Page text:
Fig.1. Existing open-loop dual half-bridge bus converter.

The circuit shown in Fig. 4 has two half-bridge inverters; However, under phase-shift control, one provides a leading phase while the other supplies a lagging phase. They are identified as such, where the action of the leading half-bridge initiates each output pulse and the lagging half-bridge terminates it. A resonant inductor Lr and two clamping diodes D1 and D2 can be added to the leading inverter to perform the same function as in a conventional phase-shifted full bridge if needed. The inductor stores extra energy to extend the soft- switching range and reduce the reverse-recovery current of the secondary-side rectifier diodes, while the clamping circuit minimizes converter voltage ringing on both the primary and secondary sides of the transformer. The two inverters can vary their phase offset from zero to 180 .When the phase offset is 0 , the two inverters are in phase and operate in parallel, which works in the exact same way as a modified open-loop bus converter. At this operating point, the converters duty cycle is 50%. When the phase offset is 180 ,the two inverters still output two square voltage waveforms, but since they are now out of phase, they superimpose on the current doubler filter input nodes F1 and F2 , making the converters duty cycle effectively 100% and the output current very close to dc. Key waveforms with the phase-shift control are shown in Fig.

The two inverters are still operating in open-loop bus converter mode. During the time tlag and the phase-lag offset , each inverter transfers power to a different half-side of the current-doubler output filter. During 180 , the two inverters transfer power to the same half-side of the filter. The current of the other half-side of the filter is freewheeled by

diodes D7 or D8 .If the power transformers turn radio is n:1:1, the converter input–output voltage relationship is described as

Vo = 0.5 × Vin × 0.5 + ¢/ 360/n (1)

and the converters duty cycle is

D = 0.5 + ¢/360 (2)

This converter actually transfers power from the primary side to the secondary side during both D and 1 D periods. This important feature indicates that power is always floing from primary to secondary at any moment. It is also the reason why there are no circulating currents on the primary side, and substantiates the possibility that this converter could be suitable for high-density designs.

Since ¢ can only vary from zero to 180, the minimum regulated output voltage will be 0.5 × Vin /n. To have a lower regulated voltage, which happens during power-supply startup, over load, and short circuit, the converter needs to switch to PWM mode control. Fig. shows the switching between phase- shift mode and PWM mode. By using PWM control, the converter can regulate its output down to 0 V, but the two inverters will lose soft switching. A dcdc power-supply startup normally takes less than 100 ms, so hard switching during this time will have very little effect on overall circuit performance and efficiency. To avoid component damage, it is a common practice for a converter to respond to a short circuit by shutting down and restarting for a few seconds several times. A converters thermal constant is usually much longer than a few seconds, so hard switching should not cause thermal stress during this operation. Another possible cause for damage is overload. When overload occurs, constant power or current control could allow a converters output to stay somewhere below half of the maximum output voltage, 0.5 × in /n. Under this scenario, the converter will have to deliver maximum current while operating under hard switching. If it lasts too long, thermal stress could be an issue. However, such cases are usually managed with shutdown controls. For a 48-V output rectifier, for example, the maximum output voltage is usually designed at 60 V or below. Downstream dcdc modules or backup batteries would shut down the system before the 48-V bus voltage drops down to 30 V. If this is the case for a given application, the dual half-bridge converter topology could be a good candidate for the design.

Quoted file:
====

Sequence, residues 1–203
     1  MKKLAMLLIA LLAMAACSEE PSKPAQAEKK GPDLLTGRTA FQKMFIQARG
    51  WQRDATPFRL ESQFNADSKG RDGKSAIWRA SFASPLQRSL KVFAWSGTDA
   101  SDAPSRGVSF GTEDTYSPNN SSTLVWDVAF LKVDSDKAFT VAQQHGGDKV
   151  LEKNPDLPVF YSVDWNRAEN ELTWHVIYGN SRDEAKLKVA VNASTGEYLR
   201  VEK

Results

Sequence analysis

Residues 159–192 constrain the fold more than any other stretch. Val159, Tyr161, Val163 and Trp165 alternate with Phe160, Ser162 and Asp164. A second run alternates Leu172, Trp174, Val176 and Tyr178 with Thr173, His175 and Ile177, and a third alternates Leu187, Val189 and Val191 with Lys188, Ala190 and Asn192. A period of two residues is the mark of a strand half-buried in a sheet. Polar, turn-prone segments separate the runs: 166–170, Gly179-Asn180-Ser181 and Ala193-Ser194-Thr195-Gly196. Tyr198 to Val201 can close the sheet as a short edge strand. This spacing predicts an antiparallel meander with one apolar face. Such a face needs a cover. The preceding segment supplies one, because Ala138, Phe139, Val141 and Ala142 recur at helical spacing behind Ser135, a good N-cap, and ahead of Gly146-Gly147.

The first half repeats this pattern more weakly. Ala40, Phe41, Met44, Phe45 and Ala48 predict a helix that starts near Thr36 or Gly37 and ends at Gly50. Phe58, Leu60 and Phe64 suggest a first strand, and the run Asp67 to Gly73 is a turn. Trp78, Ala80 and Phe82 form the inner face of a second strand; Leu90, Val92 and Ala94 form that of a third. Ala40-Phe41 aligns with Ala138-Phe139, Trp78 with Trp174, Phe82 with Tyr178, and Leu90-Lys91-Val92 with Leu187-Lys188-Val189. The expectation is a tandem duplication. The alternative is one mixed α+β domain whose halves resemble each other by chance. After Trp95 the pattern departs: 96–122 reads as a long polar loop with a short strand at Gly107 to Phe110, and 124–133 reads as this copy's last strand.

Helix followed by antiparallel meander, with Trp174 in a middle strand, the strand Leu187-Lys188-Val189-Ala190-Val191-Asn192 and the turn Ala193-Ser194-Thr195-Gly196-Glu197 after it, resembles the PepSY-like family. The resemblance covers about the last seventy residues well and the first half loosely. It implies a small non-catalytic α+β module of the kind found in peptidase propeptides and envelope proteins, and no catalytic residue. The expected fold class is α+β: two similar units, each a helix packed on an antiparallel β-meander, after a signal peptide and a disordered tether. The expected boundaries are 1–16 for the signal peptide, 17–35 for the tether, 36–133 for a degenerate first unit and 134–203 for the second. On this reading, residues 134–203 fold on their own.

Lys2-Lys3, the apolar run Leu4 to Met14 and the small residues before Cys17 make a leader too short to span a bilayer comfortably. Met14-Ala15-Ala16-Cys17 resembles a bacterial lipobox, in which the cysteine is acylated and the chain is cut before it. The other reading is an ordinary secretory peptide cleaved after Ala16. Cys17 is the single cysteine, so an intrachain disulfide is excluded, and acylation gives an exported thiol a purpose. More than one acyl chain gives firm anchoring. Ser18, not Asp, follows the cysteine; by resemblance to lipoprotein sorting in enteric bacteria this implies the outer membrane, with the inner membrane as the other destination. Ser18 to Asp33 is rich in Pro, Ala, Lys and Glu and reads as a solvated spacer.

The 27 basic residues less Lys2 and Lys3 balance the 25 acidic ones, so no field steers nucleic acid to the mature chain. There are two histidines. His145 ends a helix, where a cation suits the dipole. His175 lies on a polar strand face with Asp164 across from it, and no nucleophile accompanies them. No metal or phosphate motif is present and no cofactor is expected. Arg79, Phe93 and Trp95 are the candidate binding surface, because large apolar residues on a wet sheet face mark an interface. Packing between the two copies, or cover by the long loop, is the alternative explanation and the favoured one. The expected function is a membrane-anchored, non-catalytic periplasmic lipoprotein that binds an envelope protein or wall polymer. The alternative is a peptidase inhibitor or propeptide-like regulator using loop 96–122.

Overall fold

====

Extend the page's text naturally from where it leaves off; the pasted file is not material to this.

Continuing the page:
When using diodes for rectification, the converters output induct or current can become discontinuous when the load becomes light enough and its control loop could adjust the switching duty cycle below 50%. With the decrease of the duty cycle, the half-bridges top- and bottom-side MOSFETs have a much larger equivalent dead time. During dead time, because of the circuits parasitic capacitance and leakage energy, the half-bridges switching node briefly rings, then settles down at half of the dc-bus voltage. If the bus voltage is half-nominal,

the switching losses are reduced to approximately one-fourth what they would be at the nominal input voltage when the switches are turned ON. Because switching loss dominates the total loss at light loads, this natural characteristic of a half bridge topology would help improve efficiency. And because the two inverters have the same switching duty cycle and operate independently, one inverter can actually be turned


V in





D1 C1


R1 D3

OFF to further reduce the switching loss by half. This is






another important feature of this topology.